Disclaimer: The characters used in this story belongs to creator Shonda Rhimes, ShondaLand, The Mark Gordon Company and ABC Studios. No copyright infringements intended.

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The first thing Pete sees as he reaches the bottom of the staircase is his wife slamming the phone down onto the living room table, gritting her teeth in frustration. Violet's expression instantly softens when she notices Lucas looking up from his spot on the floor, where he's been playing with his new favorite toy for the past fifteen minutes. A large, bulky and bright red fire truck that uncle Coop surprised him with the last time he came over to baby-sit. Not really meant for a kid only a few months shy of his second birthday, but it has no choking hazards and Lucas likes making the wheels spin round and round.

“Your mom again?” Pete inquires as Violet leans down to pick up their child.

Violet screws up her face, “Is it that obvious?”

Pete plants a gentle kiss on her forehead, then one on Lucas’ temple, “It’s the third time this week,” he reminds her.

“Only third?” she asks miserably.

“What was it this time?”

“The same. With the book out and selling, my mother has decided it’s the opportune time to have me fly across the country under the guise of her wanting to bond with her only grandson. However we both know what she’s really after is another chance to parade my new ‘accomplishment’ around her circle of friends and coworkers. It’s always been like that. You won’t see a lot of cozy family photos around that house; instead you’ll see thorough documentation of every diploma, every prize, every accomplishment... It’s a shrine, not a home.”

“Bana,” Lucas exclaims, his word of the week, pointing to the kitchen, breaking the tension and causing both parents to laugh.

“Okay, big man,” Pete chuckles as Violet hands the child over, “Let’s see if we can find you that banana.” Heading into the kitchen, he places the boy in his high chair before grabbing the fruit from the basket on the counter. He peals it and cuts a third of it up into small chunks and puts the plate in front of the child.

It’s always messy when Lucas handles the food on his own; some of it always ends up on his clothes or on the floor. Sometimes, when the child either tires of the food or he’s full, it ends up smeared into his hair, or he chucks it across the table. One time the boy managed to nail his father in the eye with a grape in the middle of Sunday breakfast. It didn’t hurt; in fact it was quite comical to have their mundane conversation suddenly interrupted by the propelling fruit. It’s less fun, though, when it’s something sticky and prone to causing permanent stains, which is why they only give him a few pieces at a time.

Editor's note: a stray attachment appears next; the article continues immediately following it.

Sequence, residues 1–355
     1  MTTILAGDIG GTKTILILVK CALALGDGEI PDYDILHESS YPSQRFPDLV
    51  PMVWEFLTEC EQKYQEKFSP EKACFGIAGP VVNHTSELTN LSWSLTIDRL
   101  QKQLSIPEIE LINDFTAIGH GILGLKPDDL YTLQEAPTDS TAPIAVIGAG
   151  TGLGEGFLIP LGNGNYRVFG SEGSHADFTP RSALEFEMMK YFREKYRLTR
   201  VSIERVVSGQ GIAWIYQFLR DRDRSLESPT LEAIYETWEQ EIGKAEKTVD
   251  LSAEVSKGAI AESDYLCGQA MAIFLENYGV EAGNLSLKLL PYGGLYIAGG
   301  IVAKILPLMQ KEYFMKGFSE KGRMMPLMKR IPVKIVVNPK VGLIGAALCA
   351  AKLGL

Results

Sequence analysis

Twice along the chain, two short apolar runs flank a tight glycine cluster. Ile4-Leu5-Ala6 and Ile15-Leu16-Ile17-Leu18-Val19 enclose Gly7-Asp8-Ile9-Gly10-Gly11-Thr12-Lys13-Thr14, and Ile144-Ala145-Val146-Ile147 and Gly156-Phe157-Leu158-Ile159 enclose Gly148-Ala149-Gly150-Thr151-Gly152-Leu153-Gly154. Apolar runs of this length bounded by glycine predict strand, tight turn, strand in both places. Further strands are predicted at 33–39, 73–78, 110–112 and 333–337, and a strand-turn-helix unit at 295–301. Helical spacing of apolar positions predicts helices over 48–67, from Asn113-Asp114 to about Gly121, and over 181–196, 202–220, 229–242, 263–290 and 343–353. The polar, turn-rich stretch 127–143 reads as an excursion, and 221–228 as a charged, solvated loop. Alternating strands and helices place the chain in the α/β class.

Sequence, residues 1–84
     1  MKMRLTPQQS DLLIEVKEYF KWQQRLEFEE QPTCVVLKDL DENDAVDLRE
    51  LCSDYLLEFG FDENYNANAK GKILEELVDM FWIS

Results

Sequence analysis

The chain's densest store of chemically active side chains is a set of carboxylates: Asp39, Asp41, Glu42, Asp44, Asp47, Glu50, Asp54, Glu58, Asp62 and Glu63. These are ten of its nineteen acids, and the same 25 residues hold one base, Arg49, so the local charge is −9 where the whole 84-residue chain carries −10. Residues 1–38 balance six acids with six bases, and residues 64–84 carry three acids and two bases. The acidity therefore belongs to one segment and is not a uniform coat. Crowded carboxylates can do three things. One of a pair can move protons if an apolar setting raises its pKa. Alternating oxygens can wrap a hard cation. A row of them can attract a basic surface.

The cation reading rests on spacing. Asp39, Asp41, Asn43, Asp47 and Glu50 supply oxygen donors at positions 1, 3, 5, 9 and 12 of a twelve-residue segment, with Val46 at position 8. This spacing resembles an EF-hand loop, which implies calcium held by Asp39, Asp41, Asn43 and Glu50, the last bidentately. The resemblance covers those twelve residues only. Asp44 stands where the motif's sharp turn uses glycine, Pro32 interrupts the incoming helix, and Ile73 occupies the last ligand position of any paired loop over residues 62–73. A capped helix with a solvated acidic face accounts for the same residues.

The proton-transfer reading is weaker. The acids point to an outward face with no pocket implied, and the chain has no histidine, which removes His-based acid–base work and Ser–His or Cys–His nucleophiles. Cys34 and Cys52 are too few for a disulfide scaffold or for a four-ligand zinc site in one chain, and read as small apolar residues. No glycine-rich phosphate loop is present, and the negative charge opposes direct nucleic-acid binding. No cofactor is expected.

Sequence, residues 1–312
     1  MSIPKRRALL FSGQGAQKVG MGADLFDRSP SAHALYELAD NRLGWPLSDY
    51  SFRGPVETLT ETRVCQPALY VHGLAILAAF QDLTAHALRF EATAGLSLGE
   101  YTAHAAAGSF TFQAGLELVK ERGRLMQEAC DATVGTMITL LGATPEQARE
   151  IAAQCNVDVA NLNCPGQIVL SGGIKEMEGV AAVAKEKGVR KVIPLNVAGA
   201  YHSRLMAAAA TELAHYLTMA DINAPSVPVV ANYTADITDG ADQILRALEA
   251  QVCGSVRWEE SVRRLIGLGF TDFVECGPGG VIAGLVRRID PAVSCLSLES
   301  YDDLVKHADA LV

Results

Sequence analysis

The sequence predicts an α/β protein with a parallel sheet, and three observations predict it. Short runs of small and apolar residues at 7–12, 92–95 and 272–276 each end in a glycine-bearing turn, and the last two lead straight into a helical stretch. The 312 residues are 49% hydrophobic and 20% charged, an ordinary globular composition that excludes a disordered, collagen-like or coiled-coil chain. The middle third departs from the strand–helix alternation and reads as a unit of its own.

Violet strokes the child’s soft, silky hair and sighs, “I know I don’t have many nice things to say about my parents, and God knows they won’t be winning any parenting awards anytime soon… But I don’t want to leave you with the impression that they are these monsters. They’re just… misguided…”

Pete tucks a stray lock of her hair behind her ear. “You almost died,” he reminds her, “You almost died and they didn’t come, didn’t call. Hell, I barely left your side for a month and not once do I remember them calling to check up on you, their only daughter. Finally your mother makes contact and it’s about the book. It’s one thing to forgive the past, but she’s still doing it. I’m surprised you’re still taking her calls. You said it yourself; your mother wants in on the glory surrounding your accomplishment, and you can’t let her. I know you’re far more understanding than I am, but… there’s a line.”

Violet shrugs, a sad smile on her face, “They’re my parents,” she says matter-of-factly, “I don’t have to like them or even love them, but I can’t cut them out. With your mother…” she cuts herself off, the pain in his eyes still too fresh, “They’re the only grandparents Lucas has left.”

Pete is about to voice his objection, but Violet doesn’t let him, “I’m not saying I’ll give into their demands. I didn’t invite them to our wedding, and I am not about to take my son and fly across the country so they can look good in front of their friends. But for my sake and for Lucas’ sake, I need to at least leave the door open, you know?”

Cupping her cheek with his right hand, Pete leans in and plants a kiss on her forehead, “You’re far too forgiving, has anyone ever told you that?”

Meeting his gaze, Violet gives him one of her trademark wide smiles, “My husband does… all the time.”


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